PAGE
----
Bag Balm is a useful product to keep in your pet's first aid kit. You can apply it to most any type of skin irritation, infection or rash. Use it on dry, chapped areas to moisturize, soothe and heal the skin.
How to Use Bag Balm on a Dog
Bag Balm Uses
Bag Balm soothes and heals chapped skin on dogs, including teats, paws and noses. It promotes healing on superficial abrasions, skin wounds and rashes by forming a protective barrier and restoring moisture to skin for healing. Bag Balm has no specific side effects; a Bag Balm product information sheet says it exhibits mild pesticide properties and prevents or treats fungal and bacterial infection.
Bag Balm Ingredients
The three active ingredients in Bag Balm are lanolin, petrolatum and 8-hydroxyquinoline. Lanolin is a natural product in sheep wool to soften rough, dry skin and soothe irritation. Petrolatum retains moisture in skin to provide better hydration; 8-hydroxyquinoline is a mild antiseptic to help treat minor skin infections.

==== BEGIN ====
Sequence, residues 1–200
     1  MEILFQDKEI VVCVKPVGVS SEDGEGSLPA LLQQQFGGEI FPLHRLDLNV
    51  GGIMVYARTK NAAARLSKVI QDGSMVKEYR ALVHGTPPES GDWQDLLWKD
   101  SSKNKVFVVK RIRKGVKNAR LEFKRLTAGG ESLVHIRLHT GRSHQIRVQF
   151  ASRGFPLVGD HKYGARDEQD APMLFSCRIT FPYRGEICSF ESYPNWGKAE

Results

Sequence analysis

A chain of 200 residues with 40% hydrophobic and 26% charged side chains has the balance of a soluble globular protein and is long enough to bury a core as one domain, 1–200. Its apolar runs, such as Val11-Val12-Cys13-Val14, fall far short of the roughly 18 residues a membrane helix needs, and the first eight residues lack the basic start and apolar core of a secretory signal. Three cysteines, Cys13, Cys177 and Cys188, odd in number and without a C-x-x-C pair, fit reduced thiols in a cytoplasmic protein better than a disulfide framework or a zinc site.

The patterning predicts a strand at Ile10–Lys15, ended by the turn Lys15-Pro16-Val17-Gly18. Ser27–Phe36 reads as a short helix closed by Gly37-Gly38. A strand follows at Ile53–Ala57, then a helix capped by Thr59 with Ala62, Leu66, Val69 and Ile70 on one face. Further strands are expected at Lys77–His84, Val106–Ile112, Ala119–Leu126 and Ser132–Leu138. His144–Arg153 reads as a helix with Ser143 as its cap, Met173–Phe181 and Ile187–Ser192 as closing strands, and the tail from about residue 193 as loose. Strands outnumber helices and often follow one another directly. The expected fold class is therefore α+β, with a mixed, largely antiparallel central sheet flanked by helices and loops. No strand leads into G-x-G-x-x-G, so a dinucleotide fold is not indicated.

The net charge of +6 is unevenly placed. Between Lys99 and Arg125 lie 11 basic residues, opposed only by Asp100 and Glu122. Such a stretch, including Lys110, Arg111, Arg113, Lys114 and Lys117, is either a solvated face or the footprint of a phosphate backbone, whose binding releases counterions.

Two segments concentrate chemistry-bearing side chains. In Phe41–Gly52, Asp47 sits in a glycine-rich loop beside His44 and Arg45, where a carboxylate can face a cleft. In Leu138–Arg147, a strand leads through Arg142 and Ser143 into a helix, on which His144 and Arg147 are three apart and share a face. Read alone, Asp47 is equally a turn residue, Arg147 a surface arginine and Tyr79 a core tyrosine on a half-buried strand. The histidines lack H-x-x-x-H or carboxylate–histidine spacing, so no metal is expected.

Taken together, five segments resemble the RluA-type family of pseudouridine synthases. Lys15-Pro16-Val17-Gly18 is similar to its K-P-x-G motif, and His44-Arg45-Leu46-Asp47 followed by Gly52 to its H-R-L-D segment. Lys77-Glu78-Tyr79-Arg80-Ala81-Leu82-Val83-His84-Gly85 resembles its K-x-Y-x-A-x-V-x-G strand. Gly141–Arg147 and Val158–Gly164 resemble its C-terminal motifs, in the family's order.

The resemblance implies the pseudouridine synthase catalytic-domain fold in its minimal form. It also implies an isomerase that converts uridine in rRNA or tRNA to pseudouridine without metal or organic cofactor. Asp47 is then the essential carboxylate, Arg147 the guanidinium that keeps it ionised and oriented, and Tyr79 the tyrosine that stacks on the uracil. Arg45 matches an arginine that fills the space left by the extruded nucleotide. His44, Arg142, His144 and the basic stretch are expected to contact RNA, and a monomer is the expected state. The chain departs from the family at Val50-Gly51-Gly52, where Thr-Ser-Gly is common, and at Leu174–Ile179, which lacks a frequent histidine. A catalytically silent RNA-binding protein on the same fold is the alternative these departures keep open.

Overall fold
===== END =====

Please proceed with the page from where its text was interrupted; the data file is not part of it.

Bag Balm Application
Protect dog paw pads in winter by applying a thin, even layer of Bag Balm before a walk in snow or icy conditions. When returning home after your walk, wash your dog's paws with a warm washcloth to remove any ice-melt products, ice or snow. Apply another thin layer of Bag Balm to protect and soothe any abrasions to the paw pads.
Apply Bag Balm in a liberal layer to any superficial cut, wound, rash, irritated area of skin or chapped skin on your dog and rub it into the skin. Use until the conditions are clear, or as directed by your veterinarian. You can repeat the application once or twice daily.
Bag Balm Warnings
The Dairy Association Company of Lyndonville, Vermont, manufactures Bag Balm. The product's Material Safety Data Sheet reveals no adverse affects on skin in testing, but the maker issues these cautions:
- Continuous use can cause irritation.
- Use this medication as directed by your veterinarian.
- Store Bag Balm away from excess heat at room temperature.
- Do not use on puncture wounds or deep cuts; see your veterinarian instead.
- If skin rash or irritation develops, see your veterinarian.